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Global Multidimensional Poverty Index 2021: Unmasking disparities by ethnicity, caste and gender

October 7, 2021

This report provides a comprehensive picture of acute multidimensional poverty to inform the work of countries and communities building a more just future for the global poor. Part I focuses on where we are now. It examines the levels and composition of multidimensional poverty across 109 countries covering 5.9 billion people. It also discusses trends among more than 5 billion people in 80 countries, 70 of which showed a statistically significant reduction in Multidimensional Poverty Index value during at least one of the time periods presented. While the COVID-19 pandemic's impact on developed countries is already an active area of research, this report offers a multidimensional poverty perspective on the experience of developing countries. It explores how the pandemic has affected three key development indicators (social protection, livelihoods and school attendance), in association with multidimensional poverty, with a focus predominantly on Sub-Saharan Africa. Part II profiles disparities in multidimensional poverty with new research that scrutinizes estimates disaggregated by ethnicity or race and by caste to identify who and how people are being left behind. It also explores the proportion of multidimensionally poor people who live in a household in which no female member has completed at least six years of schooling and presents disparities in multidimensional poverty by gender of the household head. Finally, it probes interconnections between the incidence of multidimensional poverty and intimate partner violence against women and girls.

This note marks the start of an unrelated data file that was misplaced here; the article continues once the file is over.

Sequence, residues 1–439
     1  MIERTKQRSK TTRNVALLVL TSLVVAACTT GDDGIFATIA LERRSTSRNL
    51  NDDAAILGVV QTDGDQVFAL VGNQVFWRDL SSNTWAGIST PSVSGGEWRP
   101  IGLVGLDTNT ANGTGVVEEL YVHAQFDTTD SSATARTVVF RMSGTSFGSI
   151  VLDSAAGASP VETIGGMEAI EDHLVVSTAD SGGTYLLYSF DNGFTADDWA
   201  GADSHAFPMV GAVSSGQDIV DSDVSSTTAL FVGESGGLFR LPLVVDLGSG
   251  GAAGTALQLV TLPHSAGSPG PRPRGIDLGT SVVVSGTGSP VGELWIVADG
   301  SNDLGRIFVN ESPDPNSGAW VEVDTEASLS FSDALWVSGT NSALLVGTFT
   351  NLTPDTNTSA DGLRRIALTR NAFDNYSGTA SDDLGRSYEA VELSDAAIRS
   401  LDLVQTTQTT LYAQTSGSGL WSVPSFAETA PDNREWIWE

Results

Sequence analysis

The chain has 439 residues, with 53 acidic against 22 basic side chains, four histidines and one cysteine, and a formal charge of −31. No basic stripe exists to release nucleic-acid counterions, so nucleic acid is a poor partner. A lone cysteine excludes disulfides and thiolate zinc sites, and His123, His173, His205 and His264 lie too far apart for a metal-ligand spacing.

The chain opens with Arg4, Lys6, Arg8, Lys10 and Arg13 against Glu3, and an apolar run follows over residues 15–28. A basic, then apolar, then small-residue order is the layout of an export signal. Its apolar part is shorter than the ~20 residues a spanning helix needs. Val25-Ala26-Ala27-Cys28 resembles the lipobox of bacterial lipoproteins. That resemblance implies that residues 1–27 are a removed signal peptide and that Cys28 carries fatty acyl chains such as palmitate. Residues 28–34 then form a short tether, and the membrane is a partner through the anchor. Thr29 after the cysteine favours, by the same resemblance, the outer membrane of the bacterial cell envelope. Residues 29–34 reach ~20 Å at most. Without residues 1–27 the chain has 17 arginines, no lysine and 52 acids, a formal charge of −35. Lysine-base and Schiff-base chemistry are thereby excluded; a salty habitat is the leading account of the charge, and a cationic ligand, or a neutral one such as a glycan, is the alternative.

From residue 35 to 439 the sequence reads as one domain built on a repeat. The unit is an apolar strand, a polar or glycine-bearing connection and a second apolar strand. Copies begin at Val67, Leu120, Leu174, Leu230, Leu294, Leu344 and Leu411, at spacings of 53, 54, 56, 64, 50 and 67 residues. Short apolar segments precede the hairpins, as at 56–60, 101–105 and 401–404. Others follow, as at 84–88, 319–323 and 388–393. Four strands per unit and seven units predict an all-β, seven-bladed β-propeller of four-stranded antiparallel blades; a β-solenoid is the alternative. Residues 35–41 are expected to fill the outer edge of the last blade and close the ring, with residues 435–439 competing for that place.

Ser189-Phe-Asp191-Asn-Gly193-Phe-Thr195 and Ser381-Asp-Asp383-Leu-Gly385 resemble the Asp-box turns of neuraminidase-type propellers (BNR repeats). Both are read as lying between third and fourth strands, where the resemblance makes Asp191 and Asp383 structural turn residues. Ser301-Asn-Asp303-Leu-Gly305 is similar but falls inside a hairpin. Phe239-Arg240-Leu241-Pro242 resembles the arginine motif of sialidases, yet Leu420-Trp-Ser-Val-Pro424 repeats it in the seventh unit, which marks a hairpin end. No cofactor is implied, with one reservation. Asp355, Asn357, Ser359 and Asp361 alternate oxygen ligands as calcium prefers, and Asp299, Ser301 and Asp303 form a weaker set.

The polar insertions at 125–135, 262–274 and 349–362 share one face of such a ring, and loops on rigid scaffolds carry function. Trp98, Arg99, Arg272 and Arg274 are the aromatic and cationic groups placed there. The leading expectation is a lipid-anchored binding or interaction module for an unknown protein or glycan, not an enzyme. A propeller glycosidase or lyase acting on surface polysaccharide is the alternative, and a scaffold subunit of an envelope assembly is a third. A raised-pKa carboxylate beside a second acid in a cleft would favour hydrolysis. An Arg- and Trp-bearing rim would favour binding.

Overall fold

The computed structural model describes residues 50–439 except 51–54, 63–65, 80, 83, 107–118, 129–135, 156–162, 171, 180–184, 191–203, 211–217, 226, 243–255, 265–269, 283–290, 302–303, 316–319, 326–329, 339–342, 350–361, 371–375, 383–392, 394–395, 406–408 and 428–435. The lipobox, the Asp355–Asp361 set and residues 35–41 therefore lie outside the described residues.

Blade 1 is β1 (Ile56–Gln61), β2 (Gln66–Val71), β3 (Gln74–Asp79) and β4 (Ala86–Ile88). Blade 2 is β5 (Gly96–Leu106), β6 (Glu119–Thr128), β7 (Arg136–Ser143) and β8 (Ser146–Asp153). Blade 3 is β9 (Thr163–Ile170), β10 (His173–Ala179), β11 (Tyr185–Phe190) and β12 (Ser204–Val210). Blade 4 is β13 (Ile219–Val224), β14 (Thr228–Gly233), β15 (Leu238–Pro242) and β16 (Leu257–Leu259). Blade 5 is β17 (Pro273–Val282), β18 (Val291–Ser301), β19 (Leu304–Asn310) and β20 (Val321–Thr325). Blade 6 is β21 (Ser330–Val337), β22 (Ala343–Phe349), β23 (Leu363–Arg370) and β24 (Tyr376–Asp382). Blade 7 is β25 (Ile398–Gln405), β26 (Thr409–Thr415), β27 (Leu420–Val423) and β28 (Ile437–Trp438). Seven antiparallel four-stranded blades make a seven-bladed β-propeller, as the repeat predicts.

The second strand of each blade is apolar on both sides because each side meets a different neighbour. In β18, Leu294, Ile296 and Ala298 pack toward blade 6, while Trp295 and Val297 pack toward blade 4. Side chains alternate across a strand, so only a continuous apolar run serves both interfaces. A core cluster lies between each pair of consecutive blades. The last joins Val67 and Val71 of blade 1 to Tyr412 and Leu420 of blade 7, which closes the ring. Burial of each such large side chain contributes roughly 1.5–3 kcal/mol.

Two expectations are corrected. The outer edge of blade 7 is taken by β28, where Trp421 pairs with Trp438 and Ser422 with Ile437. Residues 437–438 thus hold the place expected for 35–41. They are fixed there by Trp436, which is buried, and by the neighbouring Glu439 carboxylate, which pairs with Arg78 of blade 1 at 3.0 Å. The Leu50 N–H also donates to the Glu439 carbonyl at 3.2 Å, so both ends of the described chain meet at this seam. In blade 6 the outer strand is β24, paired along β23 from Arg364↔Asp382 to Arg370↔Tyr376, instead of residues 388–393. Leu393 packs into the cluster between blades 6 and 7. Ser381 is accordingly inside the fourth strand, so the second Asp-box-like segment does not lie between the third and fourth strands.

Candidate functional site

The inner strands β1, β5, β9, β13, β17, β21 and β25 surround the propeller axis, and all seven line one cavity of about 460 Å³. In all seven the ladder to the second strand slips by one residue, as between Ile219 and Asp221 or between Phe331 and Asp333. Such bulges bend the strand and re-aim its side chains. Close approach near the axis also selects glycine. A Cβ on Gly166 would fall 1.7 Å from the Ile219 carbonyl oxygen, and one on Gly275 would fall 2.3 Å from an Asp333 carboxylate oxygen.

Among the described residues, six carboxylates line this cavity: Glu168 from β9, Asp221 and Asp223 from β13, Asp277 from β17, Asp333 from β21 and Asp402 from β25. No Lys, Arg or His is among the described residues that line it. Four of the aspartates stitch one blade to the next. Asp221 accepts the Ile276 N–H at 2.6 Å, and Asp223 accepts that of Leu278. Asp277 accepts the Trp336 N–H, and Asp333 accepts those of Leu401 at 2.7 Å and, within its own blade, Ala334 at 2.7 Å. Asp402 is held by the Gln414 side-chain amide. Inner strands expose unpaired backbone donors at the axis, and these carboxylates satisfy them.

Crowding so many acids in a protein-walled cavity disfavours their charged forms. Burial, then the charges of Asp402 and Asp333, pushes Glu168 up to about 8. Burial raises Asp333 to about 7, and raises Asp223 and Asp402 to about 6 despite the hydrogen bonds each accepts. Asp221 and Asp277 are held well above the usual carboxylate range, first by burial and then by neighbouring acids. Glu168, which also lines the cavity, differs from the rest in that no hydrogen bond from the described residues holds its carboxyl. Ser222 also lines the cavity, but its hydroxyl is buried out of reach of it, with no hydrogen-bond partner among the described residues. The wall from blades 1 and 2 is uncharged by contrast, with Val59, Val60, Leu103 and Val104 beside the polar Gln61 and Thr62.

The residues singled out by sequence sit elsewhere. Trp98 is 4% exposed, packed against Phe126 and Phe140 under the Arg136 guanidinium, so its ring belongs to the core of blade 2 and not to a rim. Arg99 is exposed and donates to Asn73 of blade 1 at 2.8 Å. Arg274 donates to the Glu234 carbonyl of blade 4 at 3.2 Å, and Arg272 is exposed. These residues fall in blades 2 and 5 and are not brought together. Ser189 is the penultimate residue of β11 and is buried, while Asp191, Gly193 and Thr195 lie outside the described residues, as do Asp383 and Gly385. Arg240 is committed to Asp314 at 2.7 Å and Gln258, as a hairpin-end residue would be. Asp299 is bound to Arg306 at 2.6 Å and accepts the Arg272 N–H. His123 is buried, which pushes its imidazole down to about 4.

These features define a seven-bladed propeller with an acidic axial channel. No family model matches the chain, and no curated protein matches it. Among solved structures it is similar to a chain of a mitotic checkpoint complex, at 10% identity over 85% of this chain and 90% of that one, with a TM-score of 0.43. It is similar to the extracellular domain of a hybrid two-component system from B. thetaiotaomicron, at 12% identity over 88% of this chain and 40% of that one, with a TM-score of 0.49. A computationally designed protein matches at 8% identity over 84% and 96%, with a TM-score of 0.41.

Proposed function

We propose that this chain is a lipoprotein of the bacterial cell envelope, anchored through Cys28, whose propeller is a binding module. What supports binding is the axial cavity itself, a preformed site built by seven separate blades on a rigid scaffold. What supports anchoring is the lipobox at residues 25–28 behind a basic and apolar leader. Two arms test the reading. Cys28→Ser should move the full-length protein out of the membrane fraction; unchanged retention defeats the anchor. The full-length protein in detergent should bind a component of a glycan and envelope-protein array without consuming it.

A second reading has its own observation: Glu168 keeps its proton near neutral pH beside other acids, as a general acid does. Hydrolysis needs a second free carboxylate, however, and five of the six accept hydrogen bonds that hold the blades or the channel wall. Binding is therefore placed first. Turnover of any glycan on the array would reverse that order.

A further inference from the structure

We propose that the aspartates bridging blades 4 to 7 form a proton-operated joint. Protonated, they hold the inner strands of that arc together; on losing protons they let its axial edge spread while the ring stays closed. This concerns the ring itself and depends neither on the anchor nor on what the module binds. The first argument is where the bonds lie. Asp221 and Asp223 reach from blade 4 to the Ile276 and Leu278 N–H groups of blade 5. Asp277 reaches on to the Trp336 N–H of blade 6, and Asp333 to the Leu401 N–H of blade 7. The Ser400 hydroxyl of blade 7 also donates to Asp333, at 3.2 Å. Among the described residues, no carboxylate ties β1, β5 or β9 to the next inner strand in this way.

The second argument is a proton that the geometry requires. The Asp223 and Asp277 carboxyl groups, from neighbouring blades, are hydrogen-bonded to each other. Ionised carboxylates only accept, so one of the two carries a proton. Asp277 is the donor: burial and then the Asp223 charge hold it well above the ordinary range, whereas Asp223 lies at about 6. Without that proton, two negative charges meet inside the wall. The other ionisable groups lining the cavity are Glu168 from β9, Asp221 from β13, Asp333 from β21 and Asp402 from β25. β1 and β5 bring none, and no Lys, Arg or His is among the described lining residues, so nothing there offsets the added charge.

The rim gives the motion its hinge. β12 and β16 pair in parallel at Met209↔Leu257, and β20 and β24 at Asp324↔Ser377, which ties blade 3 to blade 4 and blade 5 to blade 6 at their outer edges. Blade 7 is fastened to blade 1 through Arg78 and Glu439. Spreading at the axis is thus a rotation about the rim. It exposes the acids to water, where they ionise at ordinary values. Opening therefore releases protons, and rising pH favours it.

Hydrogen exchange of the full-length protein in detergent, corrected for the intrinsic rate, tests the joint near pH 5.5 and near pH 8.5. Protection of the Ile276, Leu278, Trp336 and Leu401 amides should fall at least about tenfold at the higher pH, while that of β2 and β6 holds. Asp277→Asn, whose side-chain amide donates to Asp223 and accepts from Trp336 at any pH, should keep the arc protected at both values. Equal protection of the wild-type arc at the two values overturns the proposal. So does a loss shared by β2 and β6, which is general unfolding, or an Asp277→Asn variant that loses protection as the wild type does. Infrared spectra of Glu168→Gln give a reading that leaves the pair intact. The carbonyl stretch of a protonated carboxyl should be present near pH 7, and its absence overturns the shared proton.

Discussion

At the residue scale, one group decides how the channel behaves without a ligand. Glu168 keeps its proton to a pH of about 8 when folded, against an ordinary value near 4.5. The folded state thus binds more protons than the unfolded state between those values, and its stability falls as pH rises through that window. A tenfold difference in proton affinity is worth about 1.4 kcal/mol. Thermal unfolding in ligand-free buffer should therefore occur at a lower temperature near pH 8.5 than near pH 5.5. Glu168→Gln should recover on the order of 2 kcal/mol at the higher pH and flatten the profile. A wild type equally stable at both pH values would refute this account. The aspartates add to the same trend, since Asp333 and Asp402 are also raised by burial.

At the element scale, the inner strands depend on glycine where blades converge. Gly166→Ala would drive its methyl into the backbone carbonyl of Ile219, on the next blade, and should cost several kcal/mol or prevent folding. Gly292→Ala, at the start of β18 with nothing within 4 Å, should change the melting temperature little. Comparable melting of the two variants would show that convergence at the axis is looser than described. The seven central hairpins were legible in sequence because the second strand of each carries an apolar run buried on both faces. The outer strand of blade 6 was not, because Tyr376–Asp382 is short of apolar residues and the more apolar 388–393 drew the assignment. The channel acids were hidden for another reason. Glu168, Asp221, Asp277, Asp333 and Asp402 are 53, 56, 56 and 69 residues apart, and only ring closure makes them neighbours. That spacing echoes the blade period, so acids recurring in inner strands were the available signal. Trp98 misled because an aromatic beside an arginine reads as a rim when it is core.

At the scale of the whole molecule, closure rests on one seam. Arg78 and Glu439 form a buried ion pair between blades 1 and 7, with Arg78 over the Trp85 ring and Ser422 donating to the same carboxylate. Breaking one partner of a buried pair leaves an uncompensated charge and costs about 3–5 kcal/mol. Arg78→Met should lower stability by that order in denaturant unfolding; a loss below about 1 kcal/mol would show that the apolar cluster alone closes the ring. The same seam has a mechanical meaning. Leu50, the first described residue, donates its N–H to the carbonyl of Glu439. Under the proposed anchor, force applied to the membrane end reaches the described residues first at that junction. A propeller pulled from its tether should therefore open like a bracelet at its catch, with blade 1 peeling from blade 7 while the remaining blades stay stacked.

Fishing for a Future: Women in Community Based Fisheries Management

April 10, 2007

This is the story of women in the Community Based Fisheries Management (CBFM) project in Bangladesh. In rural Asia (Southern)-Bangladesh; many women are involved in inland fisheries and fish farming activities, yet annual statistics fail to capture their importance. Year after year these women continue to be essential in improving nutrition, increasing the production and distribution of food and enhancing the living conditions of their families. Yet, fisher-women remain among the poorest and most vulnerable in this part of the world. This is the story of many women, who through CBFM, have improved and will continue to improve the livelihood of their family. They are the women fishers of Bangladesh. This is their story.